Up to the date at which the mail papers left London no reply apparently had been received to the inquiry which Mr. Montagu promised, at the instance of Mr. Joynson Hicks, to address to the Government of India with reference to the journey of a battalion of the Bedford Regiment from Calcutta to Lucknow. Mr. Joynson Hicks alleged by implication that the battalion travelled in a train without ice and in a temperature of 115 degrees in the shade, that 100 of the men had to go to hospital suffering from heat stroke, and that some died. It is difficult to believe that, if the casualties were so serious as Mr. Joynson Hicks suggests, the Indian Government would have invited a repetition of the Karachi troop train scandal by deliberately withholding the facts from public knowledge. At the same time, the statement issued by the military authorities in Calcutta, while contradicting the allegation that no ice was provided, leaves the more serious charge unanswered. It is evident that the transport officials in Calcutta carried out to the letter the instructions of Army Headquarters. It remains for Army Headquarters to state how many square feet of room per passenger were provided by its regulations for the journey, whether it considers the provision of “fans, hand, one per man,” with injunctions to weary troops to keep them wagging continuously for forty-eight hours or more in a temperature of over one hundred degrees, an efficient substitute for punkahs, and if not, why no punkahs were provided.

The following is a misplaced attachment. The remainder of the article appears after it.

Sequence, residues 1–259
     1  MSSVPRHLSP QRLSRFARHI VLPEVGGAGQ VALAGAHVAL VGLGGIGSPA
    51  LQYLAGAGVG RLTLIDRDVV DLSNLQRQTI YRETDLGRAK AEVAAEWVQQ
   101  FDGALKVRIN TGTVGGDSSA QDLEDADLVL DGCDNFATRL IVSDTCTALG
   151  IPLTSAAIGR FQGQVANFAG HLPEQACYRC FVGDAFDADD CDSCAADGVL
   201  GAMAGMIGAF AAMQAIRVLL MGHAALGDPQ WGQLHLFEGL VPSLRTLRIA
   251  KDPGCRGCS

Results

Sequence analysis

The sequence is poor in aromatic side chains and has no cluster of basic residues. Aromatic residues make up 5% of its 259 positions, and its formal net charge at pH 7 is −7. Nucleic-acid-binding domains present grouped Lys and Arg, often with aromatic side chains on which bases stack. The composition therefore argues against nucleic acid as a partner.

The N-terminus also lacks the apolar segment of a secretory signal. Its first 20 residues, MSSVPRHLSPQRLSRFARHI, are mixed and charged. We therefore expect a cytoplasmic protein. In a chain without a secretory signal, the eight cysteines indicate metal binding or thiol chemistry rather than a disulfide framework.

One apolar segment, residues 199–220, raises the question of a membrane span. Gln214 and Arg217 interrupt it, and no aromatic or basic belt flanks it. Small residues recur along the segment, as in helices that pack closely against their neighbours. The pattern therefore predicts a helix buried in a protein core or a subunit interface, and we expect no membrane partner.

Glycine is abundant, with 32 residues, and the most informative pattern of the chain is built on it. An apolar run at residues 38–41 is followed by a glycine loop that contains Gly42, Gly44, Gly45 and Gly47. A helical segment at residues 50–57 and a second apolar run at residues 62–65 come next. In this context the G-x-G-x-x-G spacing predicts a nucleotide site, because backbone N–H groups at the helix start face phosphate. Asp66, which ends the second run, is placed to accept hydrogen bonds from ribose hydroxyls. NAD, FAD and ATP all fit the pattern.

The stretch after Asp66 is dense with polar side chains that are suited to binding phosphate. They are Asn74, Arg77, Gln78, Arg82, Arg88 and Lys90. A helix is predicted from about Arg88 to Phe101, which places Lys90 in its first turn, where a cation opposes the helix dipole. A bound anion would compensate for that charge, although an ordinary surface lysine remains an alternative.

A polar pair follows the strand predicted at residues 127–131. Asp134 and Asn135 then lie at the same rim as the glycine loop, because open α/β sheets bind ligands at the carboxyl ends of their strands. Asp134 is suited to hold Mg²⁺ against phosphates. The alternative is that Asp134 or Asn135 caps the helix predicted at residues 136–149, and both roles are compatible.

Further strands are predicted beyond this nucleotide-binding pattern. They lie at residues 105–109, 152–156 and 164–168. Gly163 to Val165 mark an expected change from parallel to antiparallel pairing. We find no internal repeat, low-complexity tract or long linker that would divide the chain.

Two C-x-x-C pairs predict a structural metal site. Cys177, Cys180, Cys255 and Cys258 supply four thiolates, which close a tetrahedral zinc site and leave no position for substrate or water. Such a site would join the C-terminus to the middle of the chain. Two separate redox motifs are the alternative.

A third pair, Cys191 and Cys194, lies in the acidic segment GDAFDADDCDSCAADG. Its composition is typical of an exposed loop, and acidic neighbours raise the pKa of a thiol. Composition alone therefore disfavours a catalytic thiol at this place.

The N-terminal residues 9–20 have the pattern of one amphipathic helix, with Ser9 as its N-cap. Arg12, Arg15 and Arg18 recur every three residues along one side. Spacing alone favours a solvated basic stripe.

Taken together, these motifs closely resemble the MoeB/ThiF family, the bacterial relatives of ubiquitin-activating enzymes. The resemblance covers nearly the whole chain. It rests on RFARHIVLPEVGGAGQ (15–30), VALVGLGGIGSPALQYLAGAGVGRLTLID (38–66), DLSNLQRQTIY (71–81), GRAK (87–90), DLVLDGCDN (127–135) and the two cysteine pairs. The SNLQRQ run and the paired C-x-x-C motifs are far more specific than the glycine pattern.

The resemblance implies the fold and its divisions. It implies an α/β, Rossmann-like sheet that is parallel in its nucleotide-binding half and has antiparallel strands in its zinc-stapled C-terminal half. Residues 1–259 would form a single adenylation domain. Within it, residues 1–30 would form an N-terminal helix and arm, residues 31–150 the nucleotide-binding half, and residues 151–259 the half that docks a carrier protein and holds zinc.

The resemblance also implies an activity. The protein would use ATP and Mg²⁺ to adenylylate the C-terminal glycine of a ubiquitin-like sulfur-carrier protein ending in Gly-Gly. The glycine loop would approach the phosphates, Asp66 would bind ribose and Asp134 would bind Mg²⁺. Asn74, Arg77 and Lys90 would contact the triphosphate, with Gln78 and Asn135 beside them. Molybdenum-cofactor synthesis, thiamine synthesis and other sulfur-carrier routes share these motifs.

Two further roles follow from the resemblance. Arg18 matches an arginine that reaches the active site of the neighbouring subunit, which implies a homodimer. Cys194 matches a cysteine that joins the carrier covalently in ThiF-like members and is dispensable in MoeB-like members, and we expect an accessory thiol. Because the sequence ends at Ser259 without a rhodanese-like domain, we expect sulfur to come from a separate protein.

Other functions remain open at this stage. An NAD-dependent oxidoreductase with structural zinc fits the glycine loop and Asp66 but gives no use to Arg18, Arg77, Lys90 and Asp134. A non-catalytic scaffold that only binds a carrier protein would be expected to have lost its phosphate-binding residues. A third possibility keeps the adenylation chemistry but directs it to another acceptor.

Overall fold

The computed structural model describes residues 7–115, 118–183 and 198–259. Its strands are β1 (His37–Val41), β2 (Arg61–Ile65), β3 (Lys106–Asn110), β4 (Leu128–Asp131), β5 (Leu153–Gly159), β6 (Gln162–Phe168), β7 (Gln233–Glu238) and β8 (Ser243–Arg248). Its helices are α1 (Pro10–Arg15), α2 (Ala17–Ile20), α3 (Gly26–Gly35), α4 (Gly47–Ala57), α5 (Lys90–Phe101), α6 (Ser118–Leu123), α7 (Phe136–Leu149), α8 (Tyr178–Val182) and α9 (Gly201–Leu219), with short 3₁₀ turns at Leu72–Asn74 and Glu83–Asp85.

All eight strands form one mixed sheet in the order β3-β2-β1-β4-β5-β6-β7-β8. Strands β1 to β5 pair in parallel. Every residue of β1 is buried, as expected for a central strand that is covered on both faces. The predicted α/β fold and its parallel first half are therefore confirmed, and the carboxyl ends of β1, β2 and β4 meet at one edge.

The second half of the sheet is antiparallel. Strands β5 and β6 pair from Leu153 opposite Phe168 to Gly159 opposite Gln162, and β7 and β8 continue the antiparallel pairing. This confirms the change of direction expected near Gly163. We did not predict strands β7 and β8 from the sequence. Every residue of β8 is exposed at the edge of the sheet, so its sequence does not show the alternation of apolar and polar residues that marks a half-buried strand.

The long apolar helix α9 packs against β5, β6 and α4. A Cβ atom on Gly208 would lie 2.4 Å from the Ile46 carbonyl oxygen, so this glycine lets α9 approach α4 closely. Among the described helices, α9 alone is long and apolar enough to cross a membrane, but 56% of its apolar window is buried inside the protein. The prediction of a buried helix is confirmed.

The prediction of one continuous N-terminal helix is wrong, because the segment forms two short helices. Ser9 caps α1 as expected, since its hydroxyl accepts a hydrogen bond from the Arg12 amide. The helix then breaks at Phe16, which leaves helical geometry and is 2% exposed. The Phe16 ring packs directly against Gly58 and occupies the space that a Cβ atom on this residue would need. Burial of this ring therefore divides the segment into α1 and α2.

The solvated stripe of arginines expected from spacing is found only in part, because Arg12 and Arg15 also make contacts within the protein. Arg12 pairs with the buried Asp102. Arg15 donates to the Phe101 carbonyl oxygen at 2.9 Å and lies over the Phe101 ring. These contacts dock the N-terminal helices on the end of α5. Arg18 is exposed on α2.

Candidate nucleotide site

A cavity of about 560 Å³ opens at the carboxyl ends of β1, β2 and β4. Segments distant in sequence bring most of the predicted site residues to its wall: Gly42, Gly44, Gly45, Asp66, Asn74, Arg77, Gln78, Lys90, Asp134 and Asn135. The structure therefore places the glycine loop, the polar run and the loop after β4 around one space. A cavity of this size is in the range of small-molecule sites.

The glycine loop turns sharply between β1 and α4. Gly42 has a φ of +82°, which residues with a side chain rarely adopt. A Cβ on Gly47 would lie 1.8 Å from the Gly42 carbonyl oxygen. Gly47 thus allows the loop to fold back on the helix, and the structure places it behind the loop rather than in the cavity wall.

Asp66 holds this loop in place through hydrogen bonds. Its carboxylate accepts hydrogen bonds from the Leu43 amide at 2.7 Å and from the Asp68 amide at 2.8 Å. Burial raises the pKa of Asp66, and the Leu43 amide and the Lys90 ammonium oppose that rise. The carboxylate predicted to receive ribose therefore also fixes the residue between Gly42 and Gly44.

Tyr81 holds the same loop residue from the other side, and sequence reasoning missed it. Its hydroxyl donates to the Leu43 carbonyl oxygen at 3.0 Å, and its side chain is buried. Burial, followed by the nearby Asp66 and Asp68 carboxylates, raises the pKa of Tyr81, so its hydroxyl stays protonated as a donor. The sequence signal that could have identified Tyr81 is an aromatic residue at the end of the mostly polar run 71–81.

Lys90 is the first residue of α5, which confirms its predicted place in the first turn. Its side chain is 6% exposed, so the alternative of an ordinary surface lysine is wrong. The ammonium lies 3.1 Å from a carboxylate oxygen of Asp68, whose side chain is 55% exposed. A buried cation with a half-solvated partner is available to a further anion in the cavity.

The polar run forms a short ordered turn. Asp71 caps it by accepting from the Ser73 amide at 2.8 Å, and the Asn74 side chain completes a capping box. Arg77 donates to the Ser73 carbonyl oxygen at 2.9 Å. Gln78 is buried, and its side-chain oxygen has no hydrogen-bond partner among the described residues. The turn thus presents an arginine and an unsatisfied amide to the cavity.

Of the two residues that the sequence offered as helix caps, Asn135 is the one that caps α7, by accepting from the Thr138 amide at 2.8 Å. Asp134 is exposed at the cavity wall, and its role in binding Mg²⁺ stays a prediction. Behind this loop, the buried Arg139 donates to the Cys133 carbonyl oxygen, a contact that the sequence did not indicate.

The Martial Law Commissions appointed in connection with the recent disturbances in the Punjab, dealt with 114 cases in all and the number of persons tried by them was 852. Many were convicted for waging war against the King, an offence for which a court cannot, under Sec. 121 of the Indian Penal Code, pass a sentence less severe than one of transportation for life and forfeiture of property. Rapid restoration of security has rendered possible an early exercise of the powers of clemency vested in the Government with regard to cases dealt with by the Commissions. Sentences imposed by the Commissions have accordingly been considered by the Lieutenant Governor, and reductions, some of which have already been announced, have been ordered in a large number of cases.


The Kidderpore Dock Police made a smart capture of cocaine early on Monday morning, and arrested three Chinamen. The constable on duty at the south end of the docks noticed three Chinamen moving about in a suspicious manner about 4-30 A.M. in the vicinity of a Japanese steamer. He called for assistance and the three Chinamen were arrested. Before they were caught they were seen to throw something into the docks, while three phials of cocaine and a packet containing about half a pound of cocaine were recovered from them. On Tuesday Inspector Jackson had the docks dragged and another three phials of cocaine were found.